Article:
Grassley chats on phone with Supreme Court nominee, but holds steady on blocking process

Iowa senator says he won't change his refusal to consider nomination

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DES MOINES — Iowa Sen. Chuck Grassley insists he’s standing on principle in refusing to hold confirmation hearings on President Barack Obama’s Supreme Court nominee, but appears to be reconsidering his refusal to meet with anyone the president put forth.

Grassley and the nominee, federal appeals Judge Merrick Garland, talked on the phone Wednesday afternoon and, according to the White House, an in-person meeting is being planned.

Grassley’s staff said he congratulated Garland but said the Senate GOP majority will “give the American people a voice and an opportunity this year to debate the role of the Supreme Court in our system of government.”

Grassley’s office said he would reiterate that position if there is an in-person meeting after the Senate’s Easter recess. Senate Majority Leader Mitch McConnell told the White House he will not meet with Garland.

Earlier in the day, Grassley said that although he planned to take Garland’s call, he will not schedule hearings on the president’s Supreme Court nominee to succeed the late Justice Antonin Scalia.

“Today the president has exercised his constitutional authority,” the Republican senator said in a statement. “A majority of the Senate has decided to fulfill its constitutional role of advice and consent by withholding support for the nomination during a presidential election year.”

However, potential Democratic challengers state Sen. Rob Hogg of Cedar Rapids and former Iowa Lt. Gov. Patty Judge said that now that Obama has nominated Garland, it’s time for Grassley to do his job by holding hearings before the Judiciary Committee he chairs.

Hogg called for a Senate hearing “because that’s the way the process is supposed to work.” And Grassley is the only one in Washington who can make that happen, Judge said.

“He doesn’t need to wait for permission from his friends in the Republican leadership or Donald Trump,” she said.

But Grassley said he thinks people already have weighed in on their dissatisfaction with Obama — and that the principle of heeding the will of voters is bigger than any one nominee.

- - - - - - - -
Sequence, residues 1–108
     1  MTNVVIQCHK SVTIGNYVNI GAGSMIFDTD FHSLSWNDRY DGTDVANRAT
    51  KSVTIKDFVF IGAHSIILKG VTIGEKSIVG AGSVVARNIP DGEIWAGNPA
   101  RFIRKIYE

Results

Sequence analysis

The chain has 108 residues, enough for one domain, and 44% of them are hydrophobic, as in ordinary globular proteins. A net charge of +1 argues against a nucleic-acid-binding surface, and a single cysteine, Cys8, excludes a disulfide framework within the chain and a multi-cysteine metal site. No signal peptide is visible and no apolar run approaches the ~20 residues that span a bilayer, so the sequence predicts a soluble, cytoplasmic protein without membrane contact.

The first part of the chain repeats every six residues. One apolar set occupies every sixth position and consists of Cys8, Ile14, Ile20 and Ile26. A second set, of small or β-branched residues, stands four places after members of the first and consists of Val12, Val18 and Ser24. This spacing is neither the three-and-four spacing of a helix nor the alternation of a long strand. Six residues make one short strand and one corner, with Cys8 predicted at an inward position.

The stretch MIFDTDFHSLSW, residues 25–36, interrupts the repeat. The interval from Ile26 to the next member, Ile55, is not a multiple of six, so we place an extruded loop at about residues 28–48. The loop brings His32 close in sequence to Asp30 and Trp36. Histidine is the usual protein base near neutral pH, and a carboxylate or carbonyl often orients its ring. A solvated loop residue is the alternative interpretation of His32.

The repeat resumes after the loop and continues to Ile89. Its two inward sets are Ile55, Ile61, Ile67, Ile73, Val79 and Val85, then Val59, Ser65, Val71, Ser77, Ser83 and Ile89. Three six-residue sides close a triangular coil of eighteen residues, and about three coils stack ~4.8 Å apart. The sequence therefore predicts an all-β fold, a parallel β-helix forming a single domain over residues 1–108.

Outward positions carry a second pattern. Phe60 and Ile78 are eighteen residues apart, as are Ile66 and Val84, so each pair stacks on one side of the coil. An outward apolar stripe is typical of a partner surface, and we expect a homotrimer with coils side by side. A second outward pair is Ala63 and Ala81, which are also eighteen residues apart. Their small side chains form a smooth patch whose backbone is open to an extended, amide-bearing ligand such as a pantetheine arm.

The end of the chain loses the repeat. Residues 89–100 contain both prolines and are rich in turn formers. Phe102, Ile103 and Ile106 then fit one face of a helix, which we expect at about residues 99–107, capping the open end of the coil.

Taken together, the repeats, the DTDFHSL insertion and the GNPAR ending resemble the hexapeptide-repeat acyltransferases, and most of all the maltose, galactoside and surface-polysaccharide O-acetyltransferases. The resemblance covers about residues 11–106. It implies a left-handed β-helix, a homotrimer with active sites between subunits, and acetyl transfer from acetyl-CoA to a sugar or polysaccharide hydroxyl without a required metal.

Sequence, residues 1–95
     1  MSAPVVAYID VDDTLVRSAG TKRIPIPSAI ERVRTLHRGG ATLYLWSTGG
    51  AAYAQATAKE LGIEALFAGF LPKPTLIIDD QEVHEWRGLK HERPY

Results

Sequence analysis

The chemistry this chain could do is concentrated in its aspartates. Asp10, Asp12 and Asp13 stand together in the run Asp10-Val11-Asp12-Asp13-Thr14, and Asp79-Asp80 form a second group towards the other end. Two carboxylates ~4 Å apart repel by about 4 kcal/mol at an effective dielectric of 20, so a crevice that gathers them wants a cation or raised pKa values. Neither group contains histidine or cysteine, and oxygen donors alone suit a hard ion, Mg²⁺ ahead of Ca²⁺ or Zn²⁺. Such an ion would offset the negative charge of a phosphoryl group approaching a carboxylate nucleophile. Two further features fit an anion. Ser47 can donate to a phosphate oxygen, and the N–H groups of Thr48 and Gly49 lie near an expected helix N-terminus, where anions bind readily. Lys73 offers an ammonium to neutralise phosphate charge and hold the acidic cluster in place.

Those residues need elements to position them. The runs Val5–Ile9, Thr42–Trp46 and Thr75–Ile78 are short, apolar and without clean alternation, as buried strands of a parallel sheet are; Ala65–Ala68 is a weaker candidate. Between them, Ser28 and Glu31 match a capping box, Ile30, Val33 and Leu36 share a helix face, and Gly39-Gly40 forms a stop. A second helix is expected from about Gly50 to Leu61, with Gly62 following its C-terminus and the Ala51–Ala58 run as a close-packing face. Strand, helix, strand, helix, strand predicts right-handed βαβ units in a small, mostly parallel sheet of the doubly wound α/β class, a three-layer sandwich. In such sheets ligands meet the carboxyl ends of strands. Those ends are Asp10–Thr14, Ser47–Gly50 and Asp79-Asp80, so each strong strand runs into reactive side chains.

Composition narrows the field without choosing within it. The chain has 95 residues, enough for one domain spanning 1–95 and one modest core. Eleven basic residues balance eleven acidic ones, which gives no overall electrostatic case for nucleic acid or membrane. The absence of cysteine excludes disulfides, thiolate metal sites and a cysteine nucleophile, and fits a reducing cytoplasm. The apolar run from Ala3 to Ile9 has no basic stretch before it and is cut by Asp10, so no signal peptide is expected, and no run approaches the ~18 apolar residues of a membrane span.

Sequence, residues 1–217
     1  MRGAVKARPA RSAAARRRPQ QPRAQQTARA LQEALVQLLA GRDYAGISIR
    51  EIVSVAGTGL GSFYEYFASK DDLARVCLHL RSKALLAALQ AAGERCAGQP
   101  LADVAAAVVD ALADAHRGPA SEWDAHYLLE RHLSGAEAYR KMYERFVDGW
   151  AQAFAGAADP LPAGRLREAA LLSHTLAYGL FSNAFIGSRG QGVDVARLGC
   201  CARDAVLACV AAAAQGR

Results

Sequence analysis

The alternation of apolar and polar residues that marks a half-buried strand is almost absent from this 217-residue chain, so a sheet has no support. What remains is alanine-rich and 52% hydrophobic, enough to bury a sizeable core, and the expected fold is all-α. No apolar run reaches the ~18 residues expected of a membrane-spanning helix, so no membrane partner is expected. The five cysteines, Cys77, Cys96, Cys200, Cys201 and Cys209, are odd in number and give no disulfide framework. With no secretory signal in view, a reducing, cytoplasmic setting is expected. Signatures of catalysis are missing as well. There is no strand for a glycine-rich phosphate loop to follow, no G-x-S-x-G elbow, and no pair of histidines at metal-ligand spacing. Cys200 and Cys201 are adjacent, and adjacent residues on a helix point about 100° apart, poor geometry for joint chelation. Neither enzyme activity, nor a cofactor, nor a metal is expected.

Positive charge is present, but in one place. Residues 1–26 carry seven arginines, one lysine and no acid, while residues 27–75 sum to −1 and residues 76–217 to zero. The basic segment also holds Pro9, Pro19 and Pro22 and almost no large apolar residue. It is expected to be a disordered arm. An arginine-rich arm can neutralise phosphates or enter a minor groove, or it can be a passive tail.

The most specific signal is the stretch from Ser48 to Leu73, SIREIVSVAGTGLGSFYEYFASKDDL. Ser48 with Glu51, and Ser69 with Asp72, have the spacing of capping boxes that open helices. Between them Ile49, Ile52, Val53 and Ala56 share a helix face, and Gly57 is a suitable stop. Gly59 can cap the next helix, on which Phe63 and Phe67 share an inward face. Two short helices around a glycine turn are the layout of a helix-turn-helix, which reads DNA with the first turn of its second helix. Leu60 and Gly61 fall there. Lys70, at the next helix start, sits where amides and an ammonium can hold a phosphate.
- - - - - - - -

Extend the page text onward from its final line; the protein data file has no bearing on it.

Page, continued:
“By Obama’s own words, he saw the takeover of the United States Senate by the biggest change in membership since 1980 as a referendum on his administration,” Grassley said. “So the Senate is responding to the people’s voicing their disagreement. This is our checks and balances.”

Democrats have argued that the people already have spoken when they elected Obama for a second term, which still has about 10 months to go.

“Obstructionism” would be a better word for Grassley’s position. Judge said.

Iowans have been shocked by how Grassley and “Washington Republicans” have handled the nomination process, she said. “I’m not saying they have to vote ‘yes’ or ‘no’,” (but) they have a duty to have a hearing.”

However, Hogg did call for an up-or-down vote on Garland.

A lawyer who has worked for two federal judges — one appointed by a Democrat, the other by a Republican — Hogg said “it doesn’t matter whether it’s nominated by a Republican or a Democrat, we need high-quality people who will serve on the United States Supreme Court.”

Judge, who said she will file her election papers this week for the June 7 Democratic primary, plans to make Grassley’s handling of the Supreme Court nomination a campaign issue. She thinks Iowans agree with her.

“Voters expect people who are elected to do the job they are elected to do,” Judge said. She believes voter dissatisfaction with Grassley’s inaction will carry through to Election Day.

Voters as “expressing dissatisfaction with politics as usual … with what they see as gridlock and lack of activity in Washington,” she said. “Certainly, this is a prime example.”

Grassley conceded that waiting until the next president nominates someone has its risks. There has been speculation that if Hillary Clinton wins the election, she may nominate someone more liberal than Garland.

“Well, if you have to live by the principle ‘let the people have a voice,’ you have to accept the will of the people,” he said.

In 1995, Grassley was urged to support Garland for appointment to the U.S. Court of Appeals for the District of Columbia, where he now serves as chief judge.

The written appeal came from another Iowan Republican icon — Gov. Terry Branstad. Garland is the governor’s second cousin.

Nonetheless, Grassley opposed the nomination then because, among other reasons, he wanted to shift the judgeship to another district with a heavier caseload.




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